The Biercast is a podcast fully devoted to—what else?—beer, and its ties with culture. The concept comes from Andrew Camp and Eric Baker, two friends who met at a dry college campus, oddly enough. Today, both guys are approaching 30 and have observed something captivating about grabbing drinks with friends.
“We noticed that our conversations got super-interesting when our group of friends got together over a beer,” Camp says about why they decided to launch a podcast. “So we thought the dynamic of that conversation could be fun for listeners of a podcast, especially those interested in beer.”
In just six months, this duo has gained nearly 900 Twitter followers and landed interviews with the brains behind Thr3e Wise Men Brewery and Three Hammers Farms, a hops farm in Knightstown, Ind., southeast of Indianapolis. They’ve had Graham Brown, founder of a popular Indy-centric apparel shop, United State of Indiana, on their show to discuss his October collaboration with Indiana City Brewing.
And now they’re tapping into musicians: First up is critically acclaimed singer-songwriter and national touring artist David Bazan. Before Bazan went solo, he fronted Pedro The Lion, a heavily influential band that helped kick-start a new wave of indie-rock music in the mid-’90s. Today, Bazan releases music under his name and has made living room or house shows cool again by selling out almost every date he posts across America.
Here’s a sud-soaked conversation with Andrew Camp at The Biercast’s studio space, touching on the best Indy environment for beer drinking, that tandem interview with David Bazan at Iechyd Da Brewing Co. in Elkhart, Ind., and more.
Why do you think beer, especially through local markets, has become such an important item, especially in the culture of twentysomethings?
For a long time craft beer was a subculture, and still is to a certain degree. And I think subcultures historically rise to the surface of popular culture a lot of the time. A lot of it has to do with the nature of the breweries themselves, gaining popularity at a time when local pride and exceptionalism at the state level are sort of a really healthy fad. And I think the craft-beer community has a history of giving to its surrounding communities.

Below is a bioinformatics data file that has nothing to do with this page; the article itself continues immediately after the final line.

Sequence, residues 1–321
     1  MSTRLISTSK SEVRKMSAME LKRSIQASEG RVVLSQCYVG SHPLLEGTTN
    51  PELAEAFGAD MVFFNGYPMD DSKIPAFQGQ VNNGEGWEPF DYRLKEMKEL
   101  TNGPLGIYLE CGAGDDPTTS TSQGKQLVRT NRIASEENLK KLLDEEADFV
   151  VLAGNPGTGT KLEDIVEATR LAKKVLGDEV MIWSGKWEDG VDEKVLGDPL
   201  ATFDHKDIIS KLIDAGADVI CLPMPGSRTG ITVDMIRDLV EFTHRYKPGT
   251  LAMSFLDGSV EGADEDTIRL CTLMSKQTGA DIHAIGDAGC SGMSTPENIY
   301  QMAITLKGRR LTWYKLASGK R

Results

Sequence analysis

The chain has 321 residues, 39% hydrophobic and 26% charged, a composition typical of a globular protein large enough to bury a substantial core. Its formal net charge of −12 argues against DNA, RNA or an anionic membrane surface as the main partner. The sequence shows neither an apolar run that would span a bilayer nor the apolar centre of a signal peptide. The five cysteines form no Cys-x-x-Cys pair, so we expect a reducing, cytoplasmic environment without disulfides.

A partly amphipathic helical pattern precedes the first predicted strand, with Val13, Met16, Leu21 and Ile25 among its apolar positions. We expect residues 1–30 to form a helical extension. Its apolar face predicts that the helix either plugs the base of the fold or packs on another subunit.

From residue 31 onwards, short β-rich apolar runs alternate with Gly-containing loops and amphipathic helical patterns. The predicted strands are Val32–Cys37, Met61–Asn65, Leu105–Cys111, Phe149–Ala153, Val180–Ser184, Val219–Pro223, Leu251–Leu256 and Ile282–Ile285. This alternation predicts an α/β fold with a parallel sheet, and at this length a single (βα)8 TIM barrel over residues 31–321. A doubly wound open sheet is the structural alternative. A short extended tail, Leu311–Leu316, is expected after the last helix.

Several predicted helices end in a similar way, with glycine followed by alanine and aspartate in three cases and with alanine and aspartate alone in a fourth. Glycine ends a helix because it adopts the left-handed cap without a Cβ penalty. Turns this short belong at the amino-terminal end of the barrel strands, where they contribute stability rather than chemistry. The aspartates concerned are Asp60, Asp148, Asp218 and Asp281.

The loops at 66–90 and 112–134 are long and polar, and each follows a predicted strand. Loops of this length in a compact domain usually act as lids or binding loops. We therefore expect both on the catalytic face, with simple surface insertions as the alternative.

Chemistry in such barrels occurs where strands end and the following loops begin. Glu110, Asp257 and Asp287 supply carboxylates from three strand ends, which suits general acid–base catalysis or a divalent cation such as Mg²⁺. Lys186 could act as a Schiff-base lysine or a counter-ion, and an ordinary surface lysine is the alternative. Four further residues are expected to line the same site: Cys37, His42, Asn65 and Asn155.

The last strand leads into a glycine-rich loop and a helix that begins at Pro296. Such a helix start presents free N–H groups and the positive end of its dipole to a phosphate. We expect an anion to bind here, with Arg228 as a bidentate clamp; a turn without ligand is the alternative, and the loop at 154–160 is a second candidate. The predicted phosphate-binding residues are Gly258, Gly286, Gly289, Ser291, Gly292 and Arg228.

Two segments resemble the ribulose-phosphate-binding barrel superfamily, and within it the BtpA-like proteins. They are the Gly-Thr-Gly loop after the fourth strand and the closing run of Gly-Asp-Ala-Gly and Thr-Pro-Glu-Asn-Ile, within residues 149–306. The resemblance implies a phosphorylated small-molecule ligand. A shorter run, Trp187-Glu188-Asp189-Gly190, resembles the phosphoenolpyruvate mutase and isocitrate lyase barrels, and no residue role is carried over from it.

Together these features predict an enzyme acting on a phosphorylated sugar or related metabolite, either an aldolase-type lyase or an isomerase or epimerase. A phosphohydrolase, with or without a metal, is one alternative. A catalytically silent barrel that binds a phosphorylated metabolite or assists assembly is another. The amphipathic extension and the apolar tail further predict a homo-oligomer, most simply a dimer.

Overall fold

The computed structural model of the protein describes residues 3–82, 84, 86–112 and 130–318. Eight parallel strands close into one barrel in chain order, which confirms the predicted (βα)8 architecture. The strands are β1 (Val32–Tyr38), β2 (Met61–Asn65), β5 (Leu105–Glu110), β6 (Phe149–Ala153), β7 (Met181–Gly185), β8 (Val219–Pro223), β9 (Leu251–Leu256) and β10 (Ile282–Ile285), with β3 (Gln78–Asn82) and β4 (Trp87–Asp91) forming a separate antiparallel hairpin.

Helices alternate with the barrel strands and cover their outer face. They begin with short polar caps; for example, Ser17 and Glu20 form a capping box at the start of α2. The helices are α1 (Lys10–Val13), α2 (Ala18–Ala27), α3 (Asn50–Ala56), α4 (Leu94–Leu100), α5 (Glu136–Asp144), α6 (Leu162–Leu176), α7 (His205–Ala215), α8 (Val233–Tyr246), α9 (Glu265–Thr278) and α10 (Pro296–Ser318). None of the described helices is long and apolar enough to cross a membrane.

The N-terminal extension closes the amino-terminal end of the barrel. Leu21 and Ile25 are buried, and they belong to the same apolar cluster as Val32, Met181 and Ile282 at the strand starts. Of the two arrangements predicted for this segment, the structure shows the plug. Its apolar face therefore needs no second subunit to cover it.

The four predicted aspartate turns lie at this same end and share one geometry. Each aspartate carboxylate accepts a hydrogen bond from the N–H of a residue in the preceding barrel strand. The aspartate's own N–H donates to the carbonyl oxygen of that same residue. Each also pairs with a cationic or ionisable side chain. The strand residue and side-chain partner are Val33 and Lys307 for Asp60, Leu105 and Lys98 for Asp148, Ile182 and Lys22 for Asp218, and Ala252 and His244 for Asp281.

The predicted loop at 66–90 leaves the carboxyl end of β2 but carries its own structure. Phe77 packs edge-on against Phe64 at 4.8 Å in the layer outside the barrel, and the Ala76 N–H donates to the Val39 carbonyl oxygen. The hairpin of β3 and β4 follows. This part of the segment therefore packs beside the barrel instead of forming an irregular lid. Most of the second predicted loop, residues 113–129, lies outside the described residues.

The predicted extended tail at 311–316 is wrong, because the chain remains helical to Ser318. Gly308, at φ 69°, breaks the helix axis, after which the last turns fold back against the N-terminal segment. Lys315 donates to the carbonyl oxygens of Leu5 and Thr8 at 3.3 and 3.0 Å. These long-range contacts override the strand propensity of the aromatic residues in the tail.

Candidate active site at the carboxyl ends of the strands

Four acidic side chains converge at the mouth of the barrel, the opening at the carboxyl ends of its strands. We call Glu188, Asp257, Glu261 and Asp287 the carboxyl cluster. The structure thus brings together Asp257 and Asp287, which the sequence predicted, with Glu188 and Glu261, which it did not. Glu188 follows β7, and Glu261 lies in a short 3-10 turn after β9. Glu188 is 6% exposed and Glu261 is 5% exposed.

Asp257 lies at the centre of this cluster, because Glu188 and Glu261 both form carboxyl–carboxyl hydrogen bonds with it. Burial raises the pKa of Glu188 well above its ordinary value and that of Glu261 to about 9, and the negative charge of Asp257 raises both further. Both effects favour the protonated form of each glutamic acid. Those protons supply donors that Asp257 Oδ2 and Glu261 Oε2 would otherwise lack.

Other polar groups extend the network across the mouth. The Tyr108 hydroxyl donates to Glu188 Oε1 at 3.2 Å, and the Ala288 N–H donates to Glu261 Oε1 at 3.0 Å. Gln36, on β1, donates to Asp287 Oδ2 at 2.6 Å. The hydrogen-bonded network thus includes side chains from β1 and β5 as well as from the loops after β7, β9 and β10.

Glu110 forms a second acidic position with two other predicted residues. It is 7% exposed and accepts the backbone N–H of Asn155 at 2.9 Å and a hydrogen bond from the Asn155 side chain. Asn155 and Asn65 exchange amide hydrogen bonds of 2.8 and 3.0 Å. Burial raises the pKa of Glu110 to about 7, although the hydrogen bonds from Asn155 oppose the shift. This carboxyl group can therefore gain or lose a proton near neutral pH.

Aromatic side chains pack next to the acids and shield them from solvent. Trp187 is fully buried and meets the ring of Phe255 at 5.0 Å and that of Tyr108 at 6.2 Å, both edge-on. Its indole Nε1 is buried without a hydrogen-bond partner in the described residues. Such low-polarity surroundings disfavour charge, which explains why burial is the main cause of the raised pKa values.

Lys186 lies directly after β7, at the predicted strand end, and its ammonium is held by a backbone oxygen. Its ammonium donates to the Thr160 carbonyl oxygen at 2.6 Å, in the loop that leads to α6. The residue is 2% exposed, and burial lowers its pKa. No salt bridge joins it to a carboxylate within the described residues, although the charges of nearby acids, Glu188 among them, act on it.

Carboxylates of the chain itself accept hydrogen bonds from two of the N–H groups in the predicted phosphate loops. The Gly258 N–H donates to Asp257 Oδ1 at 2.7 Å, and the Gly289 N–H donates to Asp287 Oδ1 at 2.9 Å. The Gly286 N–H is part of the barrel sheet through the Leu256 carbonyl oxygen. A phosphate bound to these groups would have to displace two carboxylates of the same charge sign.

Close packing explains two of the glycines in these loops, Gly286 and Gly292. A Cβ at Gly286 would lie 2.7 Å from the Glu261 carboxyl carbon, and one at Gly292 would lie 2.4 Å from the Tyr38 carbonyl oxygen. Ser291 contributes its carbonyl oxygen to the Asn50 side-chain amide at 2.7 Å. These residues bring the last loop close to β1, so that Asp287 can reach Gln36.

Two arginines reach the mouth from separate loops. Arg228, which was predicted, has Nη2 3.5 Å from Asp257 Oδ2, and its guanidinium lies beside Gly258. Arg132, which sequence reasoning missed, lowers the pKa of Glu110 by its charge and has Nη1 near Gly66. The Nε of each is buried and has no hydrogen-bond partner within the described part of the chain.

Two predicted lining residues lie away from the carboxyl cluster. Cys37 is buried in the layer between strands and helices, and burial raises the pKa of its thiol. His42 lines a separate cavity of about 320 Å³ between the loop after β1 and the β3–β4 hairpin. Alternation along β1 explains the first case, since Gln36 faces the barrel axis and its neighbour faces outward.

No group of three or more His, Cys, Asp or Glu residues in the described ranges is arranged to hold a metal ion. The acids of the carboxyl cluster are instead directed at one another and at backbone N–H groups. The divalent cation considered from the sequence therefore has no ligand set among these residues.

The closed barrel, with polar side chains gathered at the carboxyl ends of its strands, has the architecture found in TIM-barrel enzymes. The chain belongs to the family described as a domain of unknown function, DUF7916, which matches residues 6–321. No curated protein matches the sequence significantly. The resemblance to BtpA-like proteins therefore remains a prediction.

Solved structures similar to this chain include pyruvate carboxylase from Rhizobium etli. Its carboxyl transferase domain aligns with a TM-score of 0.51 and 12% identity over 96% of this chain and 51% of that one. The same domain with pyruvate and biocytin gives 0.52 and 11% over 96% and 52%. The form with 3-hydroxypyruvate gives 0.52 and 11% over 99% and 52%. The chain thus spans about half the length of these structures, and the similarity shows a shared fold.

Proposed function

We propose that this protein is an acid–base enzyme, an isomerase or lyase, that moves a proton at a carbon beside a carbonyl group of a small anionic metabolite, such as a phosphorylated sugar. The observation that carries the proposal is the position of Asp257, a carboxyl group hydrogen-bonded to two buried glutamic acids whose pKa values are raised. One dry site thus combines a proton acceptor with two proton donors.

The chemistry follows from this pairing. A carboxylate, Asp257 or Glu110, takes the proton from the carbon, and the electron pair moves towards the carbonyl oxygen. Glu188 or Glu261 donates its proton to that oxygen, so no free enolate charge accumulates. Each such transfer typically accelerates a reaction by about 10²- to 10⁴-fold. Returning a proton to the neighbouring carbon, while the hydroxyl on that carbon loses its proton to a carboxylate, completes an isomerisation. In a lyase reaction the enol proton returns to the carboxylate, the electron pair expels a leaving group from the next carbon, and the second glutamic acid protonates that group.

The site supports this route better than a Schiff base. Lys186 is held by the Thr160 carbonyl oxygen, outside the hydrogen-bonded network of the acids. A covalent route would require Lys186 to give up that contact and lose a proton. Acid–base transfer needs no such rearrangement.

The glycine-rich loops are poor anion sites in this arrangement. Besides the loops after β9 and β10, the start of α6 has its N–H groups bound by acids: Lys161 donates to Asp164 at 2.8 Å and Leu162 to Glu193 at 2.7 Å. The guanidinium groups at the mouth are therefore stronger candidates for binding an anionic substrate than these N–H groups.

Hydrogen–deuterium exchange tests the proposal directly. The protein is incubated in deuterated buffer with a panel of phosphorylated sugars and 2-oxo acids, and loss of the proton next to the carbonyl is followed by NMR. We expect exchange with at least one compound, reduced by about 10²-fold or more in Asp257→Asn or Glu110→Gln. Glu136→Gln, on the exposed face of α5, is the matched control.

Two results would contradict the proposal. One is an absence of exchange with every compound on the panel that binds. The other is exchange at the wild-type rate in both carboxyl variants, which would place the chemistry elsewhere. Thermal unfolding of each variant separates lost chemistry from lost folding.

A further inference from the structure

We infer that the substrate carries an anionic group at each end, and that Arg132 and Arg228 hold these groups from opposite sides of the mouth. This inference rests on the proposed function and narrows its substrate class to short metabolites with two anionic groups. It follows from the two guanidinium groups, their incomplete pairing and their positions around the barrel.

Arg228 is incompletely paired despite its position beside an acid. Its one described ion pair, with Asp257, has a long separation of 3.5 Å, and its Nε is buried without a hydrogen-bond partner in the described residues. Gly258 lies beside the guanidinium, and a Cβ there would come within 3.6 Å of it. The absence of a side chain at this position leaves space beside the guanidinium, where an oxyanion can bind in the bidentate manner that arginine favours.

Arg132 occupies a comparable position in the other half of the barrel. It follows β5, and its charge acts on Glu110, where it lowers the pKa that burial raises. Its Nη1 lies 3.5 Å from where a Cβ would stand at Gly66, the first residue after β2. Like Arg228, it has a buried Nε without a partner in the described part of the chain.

How would you say Indiana is doing for itself in the beer community?
I think Indiana is one of the best and fastest growing beer cultures in America right now. We have that unique quality of getting distribution from both coasts, and a lot of variety finds its way through here. So I think that inspires and drives Hoosier brewers to make interesting and competitive ales. Three Floyds Brewing in Munster, Ind., is a great example of that creativity. Even a guy like David Bazan, who lives in Seattle, had heard of it and tried their beer.
In your opinion, where’s the best environment to grab a good beer in Indy?
Oh, man. [laughs] I love to watch basketball at Thr3e Wise Men in Broad Ripple. And I’ve drunk innumerable beers at Flat12 Bierwerks’ tasting room by myself.
What beers did you guys drink during your hour-long interview with Bazan at Iechyd Da Brewing Co., in Elkhart?
Eric and I had the Big Pit Porter, the Centurion English IPA, and the Yam Bam Thank You Ma’am Amber seasonal. I also had the Main Drag Amber in my quest to find more ambers I can enjoy. Bazan drank exclusively the Revolution American IPA because he loved it so much. All these drinks were exclusive to Iechyd Da Brewing Co. You can only get them at the brewpub, so that’s pretty cool.
How were you able to get Bazan on board?
Bazan is very good about doing new and local forms of media. And I knew he was a beer lover just from reading interviews and listening to his songs. [laughs] I got a hold of his manager through a mutual friend and sent him a link to our website, and we coordinated from there. Then we just waited until his Living Room Tour came through Indiana.
It seems like you are a definite fan of Bazan’s music. Were you nervous meeting up with him?
I’ve seen him live and read enough about him to know how candid he is. So I knew he’d be perfect for the conversational style of our podcast. But I was nervous about not balancing my love for his music with an actual discussion over beer.
Fans know Bazan loves to drink, but with his heavy touring schedule taking up so much time, were you impressed with his beer knowledge?
Yes, we actually talked a little about that in the episode. Part of it is the fact that people bring regional beers to his living room shows all the time. So he gets somewhat familiar with different regions.
Speaking of Bazan’s living room shows, you guys mention in the episode how that’s a perfect atmosphere for grabbing a beer and chatting. What is it about music and beer that mix so well?
AC: Mostly, beer-induced conversation is our focus. And artists like David Bazan are true conversationalists and are aware of the nature conversations can have when accompanied by beer.
Here’s The Biercast’s full interview with Bazan. Warning: If you know little about beer, you might get lost in the lingo.